After two years without growth, charitable contributions to U.S. colleges and universities increased 3.4 percent last year to a record $24.4 billion, according to a report released on Wednesday.
MU reported a 9 percent increase in donations since last year.
The nationwide boost was driven by a 9.7 percent increase in giving from individual donors, including a 21.5 percent surge in giving by non-alumni individuals. That offset a 6.1 percent decline in giving by foundations.
Among alumni, total giving increased slightly, but the percentage of alumni donating went down, as it has every year since 2001.
Harvard University led the list by raising $540 million, according to the latest annual survey by the Council for Aid to Education, a unit of the RAND Corporation. UCLA, 10th overall, raised the most of any public university, $262 million.
Overall, alumni donations last year accounted for 28 percent of university giving, non-alumni individuals 21 percent, corporations 18 percent and foundations 25 percent. Foundations generally increase giving at a slower pace than individuals when the economy recovers, as it has in the past two years.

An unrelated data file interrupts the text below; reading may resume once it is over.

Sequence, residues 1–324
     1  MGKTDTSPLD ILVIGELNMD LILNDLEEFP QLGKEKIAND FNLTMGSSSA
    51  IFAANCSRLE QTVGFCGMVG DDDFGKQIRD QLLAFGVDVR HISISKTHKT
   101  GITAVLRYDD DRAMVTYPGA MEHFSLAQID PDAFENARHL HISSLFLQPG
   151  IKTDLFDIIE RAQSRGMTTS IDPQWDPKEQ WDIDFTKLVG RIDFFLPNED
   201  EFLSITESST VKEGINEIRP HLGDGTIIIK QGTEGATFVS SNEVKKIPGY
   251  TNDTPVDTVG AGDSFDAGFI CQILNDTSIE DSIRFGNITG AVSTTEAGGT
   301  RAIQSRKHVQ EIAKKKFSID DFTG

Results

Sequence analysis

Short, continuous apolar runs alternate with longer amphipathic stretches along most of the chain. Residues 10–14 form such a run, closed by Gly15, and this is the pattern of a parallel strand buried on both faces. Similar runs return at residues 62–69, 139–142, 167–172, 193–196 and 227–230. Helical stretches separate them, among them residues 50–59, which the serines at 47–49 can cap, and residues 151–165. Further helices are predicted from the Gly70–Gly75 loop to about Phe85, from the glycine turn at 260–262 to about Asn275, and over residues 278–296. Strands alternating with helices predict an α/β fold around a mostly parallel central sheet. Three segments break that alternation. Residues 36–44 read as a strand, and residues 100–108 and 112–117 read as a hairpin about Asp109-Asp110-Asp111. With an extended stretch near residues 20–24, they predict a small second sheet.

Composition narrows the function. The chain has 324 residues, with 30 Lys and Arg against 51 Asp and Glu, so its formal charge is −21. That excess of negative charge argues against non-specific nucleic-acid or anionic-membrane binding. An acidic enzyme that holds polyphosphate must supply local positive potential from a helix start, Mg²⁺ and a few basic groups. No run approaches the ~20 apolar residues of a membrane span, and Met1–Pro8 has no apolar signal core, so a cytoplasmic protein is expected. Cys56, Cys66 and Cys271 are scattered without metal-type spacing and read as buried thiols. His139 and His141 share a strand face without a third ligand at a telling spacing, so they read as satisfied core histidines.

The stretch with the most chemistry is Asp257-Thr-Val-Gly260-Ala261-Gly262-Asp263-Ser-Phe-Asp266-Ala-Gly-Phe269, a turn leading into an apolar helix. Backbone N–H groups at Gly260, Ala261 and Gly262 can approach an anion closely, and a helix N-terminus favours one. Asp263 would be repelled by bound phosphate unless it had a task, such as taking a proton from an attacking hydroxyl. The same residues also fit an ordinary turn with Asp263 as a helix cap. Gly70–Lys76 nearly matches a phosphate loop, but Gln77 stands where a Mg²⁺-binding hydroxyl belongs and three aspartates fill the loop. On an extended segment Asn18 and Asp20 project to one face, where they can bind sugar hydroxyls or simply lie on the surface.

The remaining 8 percent was contributed by religious and other organizations.
Although the increase in overall contributions barely outpaced inflation, Ann Kaplan of the Council for Aid to Education called the results “not too bad” considering the decline in foundation grants. She said she expects those grants to increase in the future.
The overall increase followed zero growth in 2003 and a decline in 2002, the first since 1988.
MU reported in the survey that it received $70.5 million in contributions in 2004, a 9 percent increase from the previous year. In 2003, MU received $64.7 million.
Alumni contributions have decreased since last year. In 2004, alumni contributed $16.6 million, a 4.93 percent decrease from the $17.46 million in donations in 2003.
Kaplan said the nationwide increase is due to a stronger economy and more effective fund raising.
“Fund-raising behavior has a strong effect,” she said. “The number one reason people make gifts is being asked. Without that, the economy’s not going to have much of an effect on giving.”
Increase in gifts from non-alumni donors often came from parents of alumni, community members or donors who want to back specific research. But while total alumni giving increased 2 percent to $6.7 billion, the percentage of alumni donating fell to 12.8 percent. This figure has steadily decreased since it was 13.8 percent in 2001.
Kaplan said this might be because colleges are keeping better records and have more alumni to target. But she said universities might also be focused on securing larger donations from major donors rather than getting smaller gifts from a broad base of alumni. If that’s the case, she said, the strategy could negatively affect future fund raising.
“Alumni who make small gifts tend to be the people who end up making large gifts,” Kaplan said.
The Voluntary Support of Education Survey was based on replies from 971 institutions, a group that accounts for about 85 percent of voluntary support raised by colleges and universities.